Were the dark scenes in House of the Dragon lightened since initial release?

House of the Dragon seems to be easier to watch because the dark scenes that caused such disdain when it originally aired might be a smidgeon less dark.
House of the Dragon Episode 7
House of the Dragon Episode 7 /

When HBO's House of the Dragon first aired a year and a half ago, it was praised as a terrific prequel to the incredible Game of Thrones. The story was compelling and its telling was well-paced. The characters were engaging and well-acted. It was a worthy addition to the Game of Thrones world.

There was one issue, however, that curtailed my enjoyment of the the show: too many scenes took place in the dark or in heavily shadowed environs. It was distracting and frustrating at times.

I understand it was a conscious decision on the part of the production team. It was for authenticity and affect. Medieval castles did not have LED lighting and or even gas lanterns to hang about on the stone walls. We get it. Castles were dark, damp places and if you're not in a great hall filled with fires in multiple hearths and in sconces all around the hall, it is not going to be a well-lit place.

For a television show, however, being able to see the characters and the nuances of their facial expressions and body language are as important as hearing what they are saying. There were multiple scenes throughout the show that were difficult to watch because the scenes were dimly lit.

There were scenes in the caverns where the dragons were kept. Yes, it is a cave and it is going to be dark, but audiences need to be able to see the characters. There were scenes at night, or in tents, that were hard to watch. Even some of the small council meetings could be difficult.

The episode on House of the Dragon that went too far with the dark, shadowy theme

Everything culminated in Episode 7, entitled "Driftmark." Visually, it started out well enough, with a well-lit scene at the funeral of Lady Laena, followed by the long reception scene. After that, the rest of the episode devolved into darkness. It was more like listening to a book on Audible that watching a TV show.

From Damemon's (Matt Smith) and Rhaenyra's (Emma D'Arcy) stroll on the beach and subsequent tryst in a tent to Aemond (Leo Ashton) bonding with the dragon Vhagar to a brutal fight between Aemond and his nephews and cousins, to a public confrontation between Rhaenyra and Alicent, all was shrouded in darkness and shadow. It was all but unwatchable.

As the second season approaches, I wanted to rewatch the first season, but I felt a degree of trepidation about it. Watching it the first time was very frustrating on occasion, especially Episode 7, and I didn't know if I wanted to deal with that again. In the end, I decided that being prepared for those scenes would alleviate my vexation.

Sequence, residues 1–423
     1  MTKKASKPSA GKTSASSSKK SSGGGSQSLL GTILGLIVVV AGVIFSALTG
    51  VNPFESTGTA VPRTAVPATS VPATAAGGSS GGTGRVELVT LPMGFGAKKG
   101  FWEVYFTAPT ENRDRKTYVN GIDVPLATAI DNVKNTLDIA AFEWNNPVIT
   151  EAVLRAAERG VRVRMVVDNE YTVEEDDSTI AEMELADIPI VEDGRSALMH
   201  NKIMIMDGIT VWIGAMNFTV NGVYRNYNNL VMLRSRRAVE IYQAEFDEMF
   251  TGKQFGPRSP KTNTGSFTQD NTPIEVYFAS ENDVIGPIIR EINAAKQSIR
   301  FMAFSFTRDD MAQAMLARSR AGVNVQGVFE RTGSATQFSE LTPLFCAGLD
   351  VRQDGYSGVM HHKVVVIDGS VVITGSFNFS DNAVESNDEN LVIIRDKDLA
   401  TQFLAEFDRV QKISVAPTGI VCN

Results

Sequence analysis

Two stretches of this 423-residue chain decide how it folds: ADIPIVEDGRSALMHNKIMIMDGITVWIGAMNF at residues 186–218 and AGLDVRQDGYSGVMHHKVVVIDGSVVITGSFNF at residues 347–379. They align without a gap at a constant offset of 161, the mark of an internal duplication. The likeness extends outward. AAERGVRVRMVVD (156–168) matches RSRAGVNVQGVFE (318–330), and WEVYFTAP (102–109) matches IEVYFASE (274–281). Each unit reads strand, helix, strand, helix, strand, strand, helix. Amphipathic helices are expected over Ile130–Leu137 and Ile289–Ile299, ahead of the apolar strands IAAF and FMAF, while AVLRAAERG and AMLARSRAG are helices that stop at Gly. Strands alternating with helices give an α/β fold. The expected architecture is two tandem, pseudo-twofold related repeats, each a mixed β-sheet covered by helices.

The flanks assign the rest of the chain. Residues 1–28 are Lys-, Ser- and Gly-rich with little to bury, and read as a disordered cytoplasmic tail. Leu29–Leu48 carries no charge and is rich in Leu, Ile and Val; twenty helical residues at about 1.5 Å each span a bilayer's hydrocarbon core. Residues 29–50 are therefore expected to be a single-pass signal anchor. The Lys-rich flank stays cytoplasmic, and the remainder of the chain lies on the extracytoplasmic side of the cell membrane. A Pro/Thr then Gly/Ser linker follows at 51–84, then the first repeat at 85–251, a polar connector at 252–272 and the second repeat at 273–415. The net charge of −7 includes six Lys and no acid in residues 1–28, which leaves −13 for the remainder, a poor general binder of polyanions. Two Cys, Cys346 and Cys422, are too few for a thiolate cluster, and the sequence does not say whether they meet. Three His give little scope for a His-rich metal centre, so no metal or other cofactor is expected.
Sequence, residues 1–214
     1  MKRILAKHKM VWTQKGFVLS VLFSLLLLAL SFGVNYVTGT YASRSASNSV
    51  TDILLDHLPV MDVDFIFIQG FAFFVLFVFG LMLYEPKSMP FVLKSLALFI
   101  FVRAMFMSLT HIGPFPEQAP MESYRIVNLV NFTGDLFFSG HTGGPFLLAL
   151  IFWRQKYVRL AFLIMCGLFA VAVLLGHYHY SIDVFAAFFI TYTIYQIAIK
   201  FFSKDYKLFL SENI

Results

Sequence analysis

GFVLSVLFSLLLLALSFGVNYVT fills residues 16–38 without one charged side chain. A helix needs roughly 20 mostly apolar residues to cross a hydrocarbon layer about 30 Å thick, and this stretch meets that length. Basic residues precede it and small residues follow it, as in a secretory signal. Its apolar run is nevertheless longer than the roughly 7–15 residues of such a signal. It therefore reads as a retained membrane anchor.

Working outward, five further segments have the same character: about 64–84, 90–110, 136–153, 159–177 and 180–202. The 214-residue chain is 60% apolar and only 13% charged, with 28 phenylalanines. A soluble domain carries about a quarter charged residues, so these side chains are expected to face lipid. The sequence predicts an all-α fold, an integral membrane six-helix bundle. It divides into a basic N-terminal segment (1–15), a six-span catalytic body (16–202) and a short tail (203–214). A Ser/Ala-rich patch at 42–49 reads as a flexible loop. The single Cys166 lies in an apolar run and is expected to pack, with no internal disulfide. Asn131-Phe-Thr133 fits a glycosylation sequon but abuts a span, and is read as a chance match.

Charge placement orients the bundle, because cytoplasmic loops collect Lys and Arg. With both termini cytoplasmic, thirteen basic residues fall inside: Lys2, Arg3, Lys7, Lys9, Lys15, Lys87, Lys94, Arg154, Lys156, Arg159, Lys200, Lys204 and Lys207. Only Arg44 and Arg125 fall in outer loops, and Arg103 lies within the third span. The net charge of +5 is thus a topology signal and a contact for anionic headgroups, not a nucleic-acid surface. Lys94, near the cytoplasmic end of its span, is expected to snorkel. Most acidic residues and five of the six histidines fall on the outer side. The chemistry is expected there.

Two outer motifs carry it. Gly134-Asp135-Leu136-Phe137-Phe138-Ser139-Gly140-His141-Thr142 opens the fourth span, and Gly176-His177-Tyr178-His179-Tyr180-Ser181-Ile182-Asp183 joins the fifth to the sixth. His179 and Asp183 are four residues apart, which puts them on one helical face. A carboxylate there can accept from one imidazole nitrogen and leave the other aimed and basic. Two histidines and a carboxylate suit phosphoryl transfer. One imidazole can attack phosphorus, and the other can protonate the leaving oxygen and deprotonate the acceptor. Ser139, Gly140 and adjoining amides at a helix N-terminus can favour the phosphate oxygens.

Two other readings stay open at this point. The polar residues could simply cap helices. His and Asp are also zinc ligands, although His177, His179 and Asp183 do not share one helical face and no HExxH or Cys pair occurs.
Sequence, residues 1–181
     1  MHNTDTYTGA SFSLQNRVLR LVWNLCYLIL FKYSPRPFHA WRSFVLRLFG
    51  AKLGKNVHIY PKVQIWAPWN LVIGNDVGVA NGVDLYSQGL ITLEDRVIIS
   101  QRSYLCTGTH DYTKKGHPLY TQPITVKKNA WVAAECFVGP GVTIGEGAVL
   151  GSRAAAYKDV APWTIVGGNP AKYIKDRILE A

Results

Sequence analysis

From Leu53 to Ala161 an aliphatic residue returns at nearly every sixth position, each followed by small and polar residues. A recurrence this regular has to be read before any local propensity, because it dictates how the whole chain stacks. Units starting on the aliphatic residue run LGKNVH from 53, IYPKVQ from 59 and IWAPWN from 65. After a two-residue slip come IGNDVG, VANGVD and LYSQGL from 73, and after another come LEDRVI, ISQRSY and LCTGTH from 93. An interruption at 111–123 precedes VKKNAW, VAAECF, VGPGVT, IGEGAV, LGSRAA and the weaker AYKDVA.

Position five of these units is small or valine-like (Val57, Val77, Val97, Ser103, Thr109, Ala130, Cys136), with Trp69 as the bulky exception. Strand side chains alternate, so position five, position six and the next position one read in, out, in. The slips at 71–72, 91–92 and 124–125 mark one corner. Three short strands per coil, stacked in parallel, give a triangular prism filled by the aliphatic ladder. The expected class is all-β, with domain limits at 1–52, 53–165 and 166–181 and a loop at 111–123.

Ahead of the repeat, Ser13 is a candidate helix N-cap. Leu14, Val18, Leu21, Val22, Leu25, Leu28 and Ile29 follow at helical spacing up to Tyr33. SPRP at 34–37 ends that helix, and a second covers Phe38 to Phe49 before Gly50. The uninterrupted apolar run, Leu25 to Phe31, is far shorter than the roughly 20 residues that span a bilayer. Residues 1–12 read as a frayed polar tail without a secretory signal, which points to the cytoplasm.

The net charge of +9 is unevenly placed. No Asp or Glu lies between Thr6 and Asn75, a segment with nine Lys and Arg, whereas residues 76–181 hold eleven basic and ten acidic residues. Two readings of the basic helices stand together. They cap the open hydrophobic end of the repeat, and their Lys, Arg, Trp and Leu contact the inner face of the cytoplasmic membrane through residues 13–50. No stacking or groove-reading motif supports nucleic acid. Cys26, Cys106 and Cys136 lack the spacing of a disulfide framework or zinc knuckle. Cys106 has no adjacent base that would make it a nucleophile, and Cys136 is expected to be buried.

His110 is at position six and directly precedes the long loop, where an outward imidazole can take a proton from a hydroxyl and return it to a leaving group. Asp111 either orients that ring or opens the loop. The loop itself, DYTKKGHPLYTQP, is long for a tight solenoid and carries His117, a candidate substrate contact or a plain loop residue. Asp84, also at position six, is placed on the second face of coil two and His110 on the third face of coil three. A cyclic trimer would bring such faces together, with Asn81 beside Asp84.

During the early episodes, I felt like the scenes weren't as dark as before. As the season progressed, it seemed obvious to me that many dark scenes had been lightened just a tad. The council meetings weren't as dark, the depths of the Dragonpit weren't as hard to see, and in general, everything just seemed easier to watch.

At first, I wondered if it was my imagination. I knew "Driftmark" would be the real deciding factor. I was pleasantly surprised to find that, as the episode unfolded, it was much easier to actually see what was happening in every scene. I could make out the faces of the characters as they strolled, rode dragons, and brawled.

It wasn't as if the scenes suddenly took place at high noon on a cloudless day or anything so extreme. It was much more subtle than that. It was done with taste, and the result makes you wondering why it hadn't been done that way in the first place.

Evidently, it wasn't just me who had a big issue with the lightning in season. The trailers for season 2 appear to have fixed those dark lighting problems. This is a welcome change from season 1.

Light and darkness are ways to set the tone in all shows and movies. It is an important for how a production wants to project certain aspects of the story. Unfortunately they (and by "they" I mostly mean showrunner Miguel Sapochnik, who left House of the Dragon after season 1) went too far, forgetting that his audience needs to see the characters to bond with them.

It is obvious to me that HBO also went back and fixed this issue in season 1. New viewers, or those like me who wanted to to rewatch season 1 ahead of season 2, will have a better experience than audiences had when it aired initially. It was what needed to be done, and good for them for actually doing it!

As for House of the Dragon season 2, it premieres on HBO and Max on June 16.

Next. Aegon II. Why King Aegon Targaryen will be the best character in House of the Dragon season 2. dark

To stay up to date on everything fantasy, science fiction, and WiC, follow our all-encompassing Facebook page and Twitter account, sign up for our exclusive newsletter and check out our YouTube channel.